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AIDS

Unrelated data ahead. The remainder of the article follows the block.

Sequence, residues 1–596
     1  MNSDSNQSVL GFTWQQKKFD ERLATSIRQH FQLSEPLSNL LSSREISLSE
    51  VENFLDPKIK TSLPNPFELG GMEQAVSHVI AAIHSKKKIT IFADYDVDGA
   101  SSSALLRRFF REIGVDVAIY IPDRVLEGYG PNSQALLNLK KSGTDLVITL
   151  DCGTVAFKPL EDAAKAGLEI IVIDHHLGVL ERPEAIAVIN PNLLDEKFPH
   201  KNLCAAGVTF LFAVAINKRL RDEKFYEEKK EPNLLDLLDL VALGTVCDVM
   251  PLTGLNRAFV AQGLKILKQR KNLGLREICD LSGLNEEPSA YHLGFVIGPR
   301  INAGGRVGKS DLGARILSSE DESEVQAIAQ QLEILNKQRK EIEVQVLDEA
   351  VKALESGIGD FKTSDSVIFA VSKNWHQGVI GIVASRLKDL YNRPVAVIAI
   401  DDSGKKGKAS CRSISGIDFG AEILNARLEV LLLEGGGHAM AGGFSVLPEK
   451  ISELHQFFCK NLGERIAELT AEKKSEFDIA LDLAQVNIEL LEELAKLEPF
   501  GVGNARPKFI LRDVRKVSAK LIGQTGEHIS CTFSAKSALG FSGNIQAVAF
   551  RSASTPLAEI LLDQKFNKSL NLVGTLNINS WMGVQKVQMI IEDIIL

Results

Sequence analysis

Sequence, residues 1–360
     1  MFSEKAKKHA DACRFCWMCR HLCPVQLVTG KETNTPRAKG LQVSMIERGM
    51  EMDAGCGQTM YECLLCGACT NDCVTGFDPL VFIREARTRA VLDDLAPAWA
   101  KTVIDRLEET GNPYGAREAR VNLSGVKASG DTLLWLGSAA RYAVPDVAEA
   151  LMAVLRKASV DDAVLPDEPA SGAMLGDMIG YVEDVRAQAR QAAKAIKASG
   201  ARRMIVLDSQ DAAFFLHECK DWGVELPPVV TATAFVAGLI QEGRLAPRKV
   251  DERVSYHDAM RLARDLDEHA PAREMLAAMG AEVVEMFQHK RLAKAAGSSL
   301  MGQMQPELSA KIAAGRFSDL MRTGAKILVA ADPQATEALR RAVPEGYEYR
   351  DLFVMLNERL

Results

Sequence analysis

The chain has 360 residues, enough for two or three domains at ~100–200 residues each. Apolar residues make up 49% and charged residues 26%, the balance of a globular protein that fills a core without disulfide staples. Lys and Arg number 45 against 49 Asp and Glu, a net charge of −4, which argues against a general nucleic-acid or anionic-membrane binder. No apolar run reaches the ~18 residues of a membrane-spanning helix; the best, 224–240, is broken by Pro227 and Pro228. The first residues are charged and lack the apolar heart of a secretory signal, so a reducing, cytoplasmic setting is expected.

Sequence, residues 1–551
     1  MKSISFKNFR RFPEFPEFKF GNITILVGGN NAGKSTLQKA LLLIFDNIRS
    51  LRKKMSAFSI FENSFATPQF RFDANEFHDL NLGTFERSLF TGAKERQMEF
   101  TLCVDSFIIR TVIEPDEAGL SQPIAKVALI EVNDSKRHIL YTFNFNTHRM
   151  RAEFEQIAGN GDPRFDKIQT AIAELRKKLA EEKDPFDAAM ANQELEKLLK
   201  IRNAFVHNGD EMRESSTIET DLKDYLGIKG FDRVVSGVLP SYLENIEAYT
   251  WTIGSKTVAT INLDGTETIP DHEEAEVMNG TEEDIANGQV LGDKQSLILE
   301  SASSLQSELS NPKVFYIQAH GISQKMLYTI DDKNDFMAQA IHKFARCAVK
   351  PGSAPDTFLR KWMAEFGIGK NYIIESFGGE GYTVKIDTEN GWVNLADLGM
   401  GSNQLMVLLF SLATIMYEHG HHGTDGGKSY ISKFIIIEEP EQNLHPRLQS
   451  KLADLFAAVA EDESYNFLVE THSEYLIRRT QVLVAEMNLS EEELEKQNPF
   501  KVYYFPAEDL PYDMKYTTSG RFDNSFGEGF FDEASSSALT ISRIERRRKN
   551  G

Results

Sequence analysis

Acquired immune deficiency syndrome or acquired immunodeficiency syndrome (AIDS) is a disease of the human immune system caused by the human immunodeficiency virus (HIV). This condition progressively reduces the effectiveness of the immune system and leaves individuals susceptible to opportunistic infections and tumors. HIV is transmitted through direct contact of a mucous membrane or the bloodstream with a bodily fluid containing HIV, such as blood, semen, vaginal fluid, preseminal fluid, and breast milk. This transmission can involve anal, vaginal or, blood transfusion, contaminated hypodermic needles, exchange between mother and baby during pregnancy, childbirth, breastfeeding or other exposure to one of the above bodily fluids. AIDS is now a pandemic. In 2007, it was estimated that 33.2 million people lived with the disease worldwide, and that AIDS killed an estimated 2.1 million people, including 330,000 children. Genetic research indicates that HIV originated in west-central Africa during the late nineteenth or early twentieth century. AIDS was first recognized by the U.S. Centers for Disease Control and Prevention in 1981 and its cause, HIV, identified in the early 1980s. Although treatments for AIDS and HIV can slow the course of the disease, there is currently no vaccine or cure. Antiretroviral treatment reduces both the mortality and the morbidity of HIV infection, but these drugs are expensive and routine access to antiretroviral medication is not available in all countries. Due to the difficulty in treating HIV infection, preventing infection is a key aim in controlling the AIDS pandemic, with health organizations promoting safe sex and needle-exchange programmes in attempts to slow the spread of the virus. The symptoms of AIDS are primarily the result of conditions that do not normally develop in individuals with healthy immune systems. Most of these conditions are infections caused by bacteria, viruses, fungi and parasites that are normally controlled by the elements of the immune system that HIV damages. Opportunistic infections are common in people with AIDS. These infections affect nearly every organ system. People with AIDS also have an increased risk of developing various cancers such as Kaposi's sarcoma, cervical cancer and cancers of the immune system known as lymphomas. Additionally, people with AIDS often have systemic symptoms of infection like fevers, sweats (particularly at night), swollen glands, chills, weakness, and weight loss. The specific opportunistic infections that AIDS patients develop depend in part on the prevalence of these infections in the geographic area in which the patient lives. India is one of the largest and most populated countries in the world, with over one billion inhabitants. Of this number, it's estimated that around 2.3 million people are currently living with HIV. HIV emerged later in India than it did in many other countries. Infection rates soared throughout the 1990s, and today the epidemic affects all sectors of Indian society, not just the groups – such as sex workers and truck drivers – with which it was originally associated. In a country where poverty, illiteracy and poor health are rife, the spread of HIV presents a daunting challenge. In the year 1986, India’s first cases of HIV were diagnosed among sex workers in Chennai, TamilNadu. It was noted that contact with foreign visitors had played a role in initial infections among sex workers, and as HIV screening centers were set up across the country there were calls for visitors to be screened for HIV. Gradually, these calls subsided as more attention was paid to ensuring that HIV screening was carried out in blood banks. In 1987 a National AIDS Control Programme was launched to co-ordinate national responses. Its activities covered surveillance, blood screening, and health education. By the end of 1987, out of 52,907 who had been tested, around 135 people were found to be HIV positive and 14 had AIDS. Most of these initial cases had occurred through heterosexual sex, but at the end of the 1980s a rapid spread of HIV was observed among injecting drug users (IDUs) in Manipur, Mizoram and Nagaland - three north-eastern states of India bordering Myanmar (Burma). At the beginning of the 1990s, as infection rates continued to rise, responses were strengthened. In 1992 the government set up NACO (the National AIDS Control Organization), to oversee the formulation of policies, prevention work and control programmes relating to HIV and AIDS. In the same year, the government launched a Strategic Plan for HIV prevention. This plan established the administrative and technical basis for Programme management and also set up State AIDS bodies in 25 states and 7 union territories. It was able to make a number of important improvements in HIV prevention such as improving blood safety. In 2006 UNAIDS estimated that there were 5.6 million people living with HIV in India, which indicated that there were more people with HIV in India than in any other country in the world. In 2007, following the first survey of HIV among the general population, UNAIDS and NACO agreed on a new estimate – between 2 million and 3.1 million people living with HIV. In 2008 the figure was confirmed to be 2.5 million, which equates to a prevalence of 0.3%. While this may seem a low rate, because India's population is so large, it is third in the world in terms of greatest number of people living with HIV. With a population of around a billion, a mere 0.1% increase in HIV prevalence would increase the estimated number of people living with HIV by over half a million. Let us read our awareness in this matter.

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